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Bath Stool #4: How to...

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Blog entry by Diego Cassels posted 04-10-2018 12:51 PM 479 reads 0 times favorited 5 comments Add to Favorites Watch
« Part 3: Sketch in 3D and dimentions Part 4 of Bath Stool series Part 5: Angled Tenon and Mortise »

Well there is not one way to do things, so here we go with the thinking HOW to do it!

I´ve decided that the legs should have a 12° angled slope, so I have to figure out how to make the mortise under the seat with a 12° incline. Any ideas, sugestions are very welcome.

I’ve also decided to create a saddle look to the seat, so I rememberd that a lumberjock “woodshaver Tony C” had suggested me to look at his way of doing it, jig to cut saddles in the stool seat’s

I like his approch so I’ll give it a try, I will try a smaller version of this jig.

Here is the rough cuts of the stool, I like this wood!
Here is a small text taken from wikipedia
Quebracho (also known as Luciano malo) is a common name in Spanish to describe very hard (density 1.15 – 1.35) wood tree species. The etymology of the name derived from quiebrahacha, or quebrar hacha, meaning “axe-breaker”.
These species provide tannin and a very hard, durable timber.

-- Diego Cassels



5 comments so far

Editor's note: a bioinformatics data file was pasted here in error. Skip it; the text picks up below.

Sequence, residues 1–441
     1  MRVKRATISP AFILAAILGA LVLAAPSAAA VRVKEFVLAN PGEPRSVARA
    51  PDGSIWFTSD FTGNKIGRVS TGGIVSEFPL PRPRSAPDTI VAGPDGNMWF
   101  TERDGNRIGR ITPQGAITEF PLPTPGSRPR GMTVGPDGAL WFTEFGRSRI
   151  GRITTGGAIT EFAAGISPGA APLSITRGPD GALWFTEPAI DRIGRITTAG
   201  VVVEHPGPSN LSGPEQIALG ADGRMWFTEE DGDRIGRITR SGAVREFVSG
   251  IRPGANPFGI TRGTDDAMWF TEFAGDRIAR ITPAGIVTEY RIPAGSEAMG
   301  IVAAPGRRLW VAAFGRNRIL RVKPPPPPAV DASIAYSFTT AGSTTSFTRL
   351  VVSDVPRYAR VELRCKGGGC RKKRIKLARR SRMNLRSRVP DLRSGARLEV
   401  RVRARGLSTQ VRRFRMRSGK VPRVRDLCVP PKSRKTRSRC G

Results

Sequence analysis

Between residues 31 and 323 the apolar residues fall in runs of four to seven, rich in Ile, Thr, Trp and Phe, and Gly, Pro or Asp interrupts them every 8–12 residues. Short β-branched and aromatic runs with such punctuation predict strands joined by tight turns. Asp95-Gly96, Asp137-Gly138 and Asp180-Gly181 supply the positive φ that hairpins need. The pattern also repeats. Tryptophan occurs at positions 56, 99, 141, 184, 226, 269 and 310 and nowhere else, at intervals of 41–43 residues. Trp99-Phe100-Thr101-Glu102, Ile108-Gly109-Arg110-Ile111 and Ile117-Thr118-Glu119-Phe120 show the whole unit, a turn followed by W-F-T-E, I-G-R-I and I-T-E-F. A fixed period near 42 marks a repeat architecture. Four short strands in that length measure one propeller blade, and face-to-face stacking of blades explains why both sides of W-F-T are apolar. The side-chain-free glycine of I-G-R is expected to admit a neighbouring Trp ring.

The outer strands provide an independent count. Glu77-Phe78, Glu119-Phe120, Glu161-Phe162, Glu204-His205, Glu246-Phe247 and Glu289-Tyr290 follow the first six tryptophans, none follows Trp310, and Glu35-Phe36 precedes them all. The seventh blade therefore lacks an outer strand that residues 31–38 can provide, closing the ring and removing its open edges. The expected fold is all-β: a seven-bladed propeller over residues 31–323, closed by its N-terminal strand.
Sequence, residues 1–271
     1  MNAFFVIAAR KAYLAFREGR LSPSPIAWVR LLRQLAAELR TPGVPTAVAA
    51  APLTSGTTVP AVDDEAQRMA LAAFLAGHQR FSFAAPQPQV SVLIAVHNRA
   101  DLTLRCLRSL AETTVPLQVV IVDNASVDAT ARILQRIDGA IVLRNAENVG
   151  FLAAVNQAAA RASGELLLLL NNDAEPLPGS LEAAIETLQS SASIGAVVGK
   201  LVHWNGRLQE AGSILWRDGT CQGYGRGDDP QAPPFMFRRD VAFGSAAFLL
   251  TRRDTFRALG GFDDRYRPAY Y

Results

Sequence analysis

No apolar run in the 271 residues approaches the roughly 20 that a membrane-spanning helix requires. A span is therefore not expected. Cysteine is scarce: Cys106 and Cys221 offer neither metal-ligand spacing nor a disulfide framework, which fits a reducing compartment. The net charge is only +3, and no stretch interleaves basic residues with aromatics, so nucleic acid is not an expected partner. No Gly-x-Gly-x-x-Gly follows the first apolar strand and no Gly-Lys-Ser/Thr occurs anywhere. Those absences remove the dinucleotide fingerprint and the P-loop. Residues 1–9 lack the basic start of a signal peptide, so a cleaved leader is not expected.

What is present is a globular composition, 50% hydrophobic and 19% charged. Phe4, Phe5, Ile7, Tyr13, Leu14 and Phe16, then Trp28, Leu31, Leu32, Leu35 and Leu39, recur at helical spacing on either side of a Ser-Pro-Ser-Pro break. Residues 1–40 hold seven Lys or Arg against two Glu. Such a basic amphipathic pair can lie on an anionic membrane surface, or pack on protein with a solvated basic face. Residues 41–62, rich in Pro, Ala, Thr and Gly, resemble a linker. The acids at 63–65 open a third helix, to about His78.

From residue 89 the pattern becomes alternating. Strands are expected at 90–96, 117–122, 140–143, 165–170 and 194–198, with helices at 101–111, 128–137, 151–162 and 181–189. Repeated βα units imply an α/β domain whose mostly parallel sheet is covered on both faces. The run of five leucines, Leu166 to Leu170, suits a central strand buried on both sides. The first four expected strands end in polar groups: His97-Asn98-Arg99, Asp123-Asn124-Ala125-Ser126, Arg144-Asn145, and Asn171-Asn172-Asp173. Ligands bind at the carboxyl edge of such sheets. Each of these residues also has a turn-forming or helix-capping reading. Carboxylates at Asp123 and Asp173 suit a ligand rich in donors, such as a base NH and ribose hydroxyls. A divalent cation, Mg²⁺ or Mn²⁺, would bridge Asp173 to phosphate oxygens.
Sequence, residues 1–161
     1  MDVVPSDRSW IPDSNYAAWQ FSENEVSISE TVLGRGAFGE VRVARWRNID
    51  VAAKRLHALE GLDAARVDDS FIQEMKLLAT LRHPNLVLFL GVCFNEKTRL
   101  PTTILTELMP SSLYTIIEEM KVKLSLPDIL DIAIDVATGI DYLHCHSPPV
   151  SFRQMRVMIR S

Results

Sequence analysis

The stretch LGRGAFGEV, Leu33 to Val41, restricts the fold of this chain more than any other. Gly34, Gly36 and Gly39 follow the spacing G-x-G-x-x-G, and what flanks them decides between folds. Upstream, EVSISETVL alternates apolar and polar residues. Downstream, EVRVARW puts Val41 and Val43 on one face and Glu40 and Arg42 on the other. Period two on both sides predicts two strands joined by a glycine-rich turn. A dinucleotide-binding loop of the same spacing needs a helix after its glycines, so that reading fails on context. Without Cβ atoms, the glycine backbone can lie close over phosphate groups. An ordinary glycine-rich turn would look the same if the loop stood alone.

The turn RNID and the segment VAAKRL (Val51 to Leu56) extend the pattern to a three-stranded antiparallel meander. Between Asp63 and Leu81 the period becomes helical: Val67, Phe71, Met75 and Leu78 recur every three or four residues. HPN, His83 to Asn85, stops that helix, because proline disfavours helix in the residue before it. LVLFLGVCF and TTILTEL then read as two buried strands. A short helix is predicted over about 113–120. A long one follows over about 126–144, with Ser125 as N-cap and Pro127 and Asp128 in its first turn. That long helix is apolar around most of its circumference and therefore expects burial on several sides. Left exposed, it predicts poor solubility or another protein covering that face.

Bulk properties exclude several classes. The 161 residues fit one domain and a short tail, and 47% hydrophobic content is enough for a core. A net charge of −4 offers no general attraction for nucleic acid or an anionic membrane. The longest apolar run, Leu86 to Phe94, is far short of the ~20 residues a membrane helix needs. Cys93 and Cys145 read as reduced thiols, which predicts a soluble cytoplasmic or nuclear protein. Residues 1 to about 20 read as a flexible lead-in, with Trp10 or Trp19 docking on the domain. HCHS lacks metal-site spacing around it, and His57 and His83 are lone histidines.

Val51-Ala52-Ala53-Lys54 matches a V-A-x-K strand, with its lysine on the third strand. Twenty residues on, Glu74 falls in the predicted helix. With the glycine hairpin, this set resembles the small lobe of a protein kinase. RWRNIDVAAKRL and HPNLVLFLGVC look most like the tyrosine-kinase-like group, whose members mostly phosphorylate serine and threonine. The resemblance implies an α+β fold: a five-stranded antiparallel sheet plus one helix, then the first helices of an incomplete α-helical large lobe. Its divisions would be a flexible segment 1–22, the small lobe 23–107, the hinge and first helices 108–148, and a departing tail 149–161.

View sras's profile

sras

4805 posts in 3151 days


#1 posted 04-10-2018 03:01 PM

For the angled joint, I’d suggest cutting the tenon at an angle and have the mortise be strgaight in.

-- Steve - Impatience is Expensive

View Diego Cassels's profile

Diego Cassels

79 posts in 104 days


#2 posted 04-10-2018 03:11 PM



For the angled joint, I d suggest cutting the tenon at an angle and have the mortise be strgaight in.

- sras


Sras, I hadn´t thought of it this way. Thanks. Do you have any example to look at?

-- Diego Cassels

View Diego Cassels's profile

Diego Cassels

79 posts in 104 days


#3 posted 04-10-2018 03:23 PM

Is this what you suggest?
Mortise and Tenon - Angled Components

-- Diego Cassels

View CaptainSkully's profile

CaptainSkully

1600 posts in 3580 days


#4 posted 04-10-2018 04:03 PM

I would do a large set of loose tenons if possible. That way you can focus on your intersecting angle on the main parts and make the mortises square to the mating surfaces. This is the way I do it whenever I have splayed legs of any kind. Much easier than any kind of integral tenons at an angle.

-- You can't control the wind, but you can trim your sails

View Diego Cassels's profile

Diego Cassels

79 posts in 104 days


#5 posted 04-10-2018 06:06 PM

Thanks CaptainSkully.
Greene & Greene Knife Block that you made is very intresting!


I would do a large set of loose tenons if possible. That way you can focus on your intersecting angle on the main parts and make the mortises square to the mating surfaces. This is the way I do it whenever I have splayed legs of any kind. Much easier than any kind of integral tenons at an angle.

- CaptainSkully


-- Diego Cassels

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